GENEVA, SWITZERLAND -- The World Trade Organization (WTO) has been out of the news for a while. Bickering between developing and developed countries over who should cut tariffs and farm subsidies more, and divisions over compliance and enforcement of existing WTO trade rules have all but stopped negotiating progress among the 164 members.
"Freer trade, reducing trade distorting domestic subsidies, enforcing trade rules, and liberalizing global trade are among the core objectives of the WTO, so it's not surprising that lack of consensus among the members has frozen progress towards a successor trade deal to the Uruguay Round Agreements, which are over 20 years old," said Bob Cummings, USA Rice COO.
Cummings recently returned from meetings at WTO headquarters with delegations from the United States and other countries. He joined representatives from the U.S. Grains Council, U.S. Wheat Associates, and DTB Associates.
WTO members will meet in Buenos Aires, Argentina at the end of this year for the organization's 11th Ministerial Conference. Each of the two previous Ministerials failed to produce a comprehensive trade agreement to match the ambition of the Uruguay Round, and the pressure is on to show the relevance of the organization.
"It can be tempting to write-off the WTO, but that leaves the organization in the hands of those who will write global trade rules that are not in our interest. We showed up in Geneva and delivered a strong message that USA Rice will except nothing short of new agricultural market access and disciplines on trade distorting domestic farm supports in major competitor exporting countries which are currently not living up to their obligations. There is no support for allowing countries to use public stockholding schemes as a way to skirt subsidy limits," said Cummings.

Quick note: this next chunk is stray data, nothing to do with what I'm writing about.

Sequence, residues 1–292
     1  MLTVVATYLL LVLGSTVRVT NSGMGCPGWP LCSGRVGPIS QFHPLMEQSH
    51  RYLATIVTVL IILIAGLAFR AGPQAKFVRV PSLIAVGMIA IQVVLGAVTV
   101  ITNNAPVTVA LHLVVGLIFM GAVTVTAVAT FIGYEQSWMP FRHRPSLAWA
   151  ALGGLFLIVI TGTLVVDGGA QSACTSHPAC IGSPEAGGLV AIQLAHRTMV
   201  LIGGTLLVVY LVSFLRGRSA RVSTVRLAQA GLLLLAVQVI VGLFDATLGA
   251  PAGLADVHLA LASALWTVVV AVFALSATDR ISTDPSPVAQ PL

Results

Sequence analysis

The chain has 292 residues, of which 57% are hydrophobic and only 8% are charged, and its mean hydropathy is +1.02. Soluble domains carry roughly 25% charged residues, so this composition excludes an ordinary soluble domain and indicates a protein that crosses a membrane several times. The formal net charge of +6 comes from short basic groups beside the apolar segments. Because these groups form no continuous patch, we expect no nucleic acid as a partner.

Recent statements by administration officials have called into question the utility and relevance of the WTO, particularly in the area of dispute settlement.
"A functioning WTO is critical to the economic health of export dependent sectors like agriculture. The Uruguay Round's Agriculture Agreement opened up new export markets for U.S. rice in Japan and Korea, and was the basis of additional market opening in Taiwan and China when they joined," continued Cummings. "Although time consuming, the WTO's dispute settlement process has a proven track record. The United States prevailed in cases against Mexico and Turkey that, for example, preserved access for U.S. rice. An important case against China's excessive grain subsidies, led by the United States, will be heard early next year and a positive outcome should be a critical enforcement lever against several advanced developing countries engaged in global farm trade that provide producer subsidies well in excess of WTO rules."
"We have two big challenges going forward - preventing undue influence by some advanced developing countries that want to turn back the clock on global trade liberalization that will hurt U.S. rice, and at the same time educating our government that the WTO process has value and is deserving of U.S. leadership," concluded Cummings.